IT is booming, there is no doubt about that. Even during the pandemic, it is one of the many industries that not only kept going but thrived. While other businesses were struggling to stay afloat, people working in Software felt secure.
There is a common question that comes to mind when someone is thinking about starting or changing their career. They want to know if programming is right for them. Several indications can help you answer this question. Let us look at a few of your character traits and how you work and approach your tasks.
You will like coding if you like solving problems. If you are not afraid of puzzles and enjoy combining, guessing, experimenting, and understanding complex tasks then programming is something you will love. In coding, troubleshooting is something you do day and night. Most of the time, programmers are solving problems they encounter when writing, changing, or refactoring code.
We often think a programmer's job is to pat on the keyboard all day long and fill their dark screen with green lines of code. In reality, we spend more time on Google and finding the best way to approach a problem. So if you like taking broken things and fixing them, then you will do just fine in programming.
Another trait that is useful for programming is persistence. It involves the same problem-solving described above. But it's not that the answers always come to you within the first fifteen minutes. Sometimes you sit on the problem for hours (or sometimes even days!). If you are persistent and don't get demotivated by lack of quick results - go and code. If you don't give up easily, you can sit on your butt for hours till you find that pesky bug 🐛, and like drying your eyes out by tirelessly scanning hundreds of lines of code, this will come in handy. Don't worry though, you will forget all that struggle once you finally find the solution. That feeling of seeing your code work after hours of debugging is the best thing in the world.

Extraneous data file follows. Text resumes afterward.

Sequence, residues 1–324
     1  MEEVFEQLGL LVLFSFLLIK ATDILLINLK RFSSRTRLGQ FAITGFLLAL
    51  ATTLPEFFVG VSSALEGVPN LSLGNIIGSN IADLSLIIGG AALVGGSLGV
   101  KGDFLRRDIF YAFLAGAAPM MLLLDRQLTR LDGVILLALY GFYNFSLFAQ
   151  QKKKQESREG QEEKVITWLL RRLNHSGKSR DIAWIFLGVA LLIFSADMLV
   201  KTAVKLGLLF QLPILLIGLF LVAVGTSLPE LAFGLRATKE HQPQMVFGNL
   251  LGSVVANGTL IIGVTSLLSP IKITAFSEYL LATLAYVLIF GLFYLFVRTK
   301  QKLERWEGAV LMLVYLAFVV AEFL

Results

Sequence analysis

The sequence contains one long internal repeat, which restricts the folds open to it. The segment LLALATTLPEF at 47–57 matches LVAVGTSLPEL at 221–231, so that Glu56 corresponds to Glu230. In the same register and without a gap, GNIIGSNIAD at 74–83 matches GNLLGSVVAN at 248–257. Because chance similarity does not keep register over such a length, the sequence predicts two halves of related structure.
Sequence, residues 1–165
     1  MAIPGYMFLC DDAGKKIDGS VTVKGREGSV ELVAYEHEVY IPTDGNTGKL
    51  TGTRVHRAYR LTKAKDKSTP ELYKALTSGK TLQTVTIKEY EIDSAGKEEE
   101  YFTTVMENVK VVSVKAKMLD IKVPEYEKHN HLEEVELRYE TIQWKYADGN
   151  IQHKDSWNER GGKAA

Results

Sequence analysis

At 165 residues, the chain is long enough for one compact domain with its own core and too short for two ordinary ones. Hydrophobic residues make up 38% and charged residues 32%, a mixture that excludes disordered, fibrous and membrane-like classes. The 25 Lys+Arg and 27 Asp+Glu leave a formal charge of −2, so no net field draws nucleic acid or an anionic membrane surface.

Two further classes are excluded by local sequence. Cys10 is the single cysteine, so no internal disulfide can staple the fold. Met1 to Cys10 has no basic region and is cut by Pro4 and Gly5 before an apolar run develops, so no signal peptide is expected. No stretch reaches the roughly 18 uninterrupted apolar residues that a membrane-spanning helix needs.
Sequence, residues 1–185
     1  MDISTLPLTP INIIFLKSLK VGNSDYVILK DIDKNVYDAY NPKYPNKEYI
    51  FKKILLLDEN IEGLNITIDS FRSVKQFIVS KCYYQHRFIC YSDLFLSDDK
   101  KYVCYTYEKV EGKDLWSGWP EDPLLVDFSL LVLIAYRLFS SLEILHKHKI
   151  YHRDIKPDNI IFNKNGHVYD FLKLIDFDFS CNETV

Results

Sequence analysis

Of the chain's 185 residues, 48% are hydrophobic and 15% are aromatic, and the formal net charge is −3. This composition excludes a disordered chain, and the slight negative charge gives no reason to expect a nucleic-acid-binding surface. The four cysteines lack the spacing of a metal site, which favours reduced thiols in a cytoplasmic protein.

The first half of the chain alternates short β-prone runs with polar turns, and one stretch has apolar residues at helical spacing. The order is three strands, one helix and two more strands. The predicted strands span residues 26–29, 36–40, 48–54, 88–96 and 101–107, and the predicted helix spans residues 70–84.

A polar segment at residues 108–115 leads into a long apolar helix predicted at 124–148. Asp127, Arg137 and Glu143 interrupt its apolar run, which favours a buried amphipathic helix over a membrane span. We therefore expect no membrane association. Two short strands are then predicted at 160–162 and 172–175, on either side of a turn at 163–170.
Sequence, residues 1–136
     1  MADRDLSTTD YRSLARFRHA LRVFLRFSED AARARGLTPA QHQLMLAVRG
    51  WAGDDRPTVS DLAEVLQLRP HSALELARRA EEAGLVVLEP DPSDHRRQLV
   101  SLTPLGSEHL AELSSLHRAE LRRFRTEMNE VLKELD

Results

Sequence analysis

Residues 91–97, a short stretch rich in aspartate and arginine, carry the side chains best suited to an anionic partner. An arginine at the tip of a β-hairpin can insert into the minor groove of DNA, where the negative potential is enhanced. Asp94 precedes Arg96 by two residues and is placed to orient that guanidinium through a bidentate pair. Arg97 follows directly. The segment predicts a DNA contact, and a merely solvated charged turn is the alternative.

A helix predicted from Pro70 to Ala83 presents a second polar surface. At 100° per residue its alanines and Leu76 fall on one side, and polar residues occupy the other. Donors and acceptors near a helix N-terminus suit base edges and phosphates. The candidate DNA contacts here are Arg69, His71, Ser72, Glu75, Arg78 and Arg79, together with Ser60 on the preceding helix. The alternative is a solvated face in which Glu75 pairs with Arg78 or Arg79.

When we have a problem, persistence alone is not enough to get rid of it. The ability to come up with new ideas is also very essential. You need to have the ability of thinking of new ideas and knowing how to present them (to yourself or your team), and then putting them into practice.
If you are not afraid of testing new solutions, you don't abandon things at the very beginning, and hundreds of crazy ideas flow in your head when you start working, try coding. The ability to approach a problem from different angles and testing new approaches is invaluable in programming. If you have the gift of creativity in your soul, don't be afraid to give programming a go.
Last but not least, this is a little less obvious, but if you like working with other people, that will also come in handy as a programmer. Both in a team and with a client. A programmer's job is not just coding, it is also team meetings, presenting ideas, submitting reports, writing emails, contacting the client. You will excel as a programmer if you are already good at communication and collaboration.
So, is every programmer a great problem solver, persistent, creative and an extrovert? No, very rarely. These are only some non-technical traits that can complement your programming career. If you see any one of these in yourself, you will have an easier time learning and practicing programming. If you have a profession that seems very distant to you from programming, look for values in it that you could use while coding. We often don't realize how much we already have to take a step in starting a career in programming.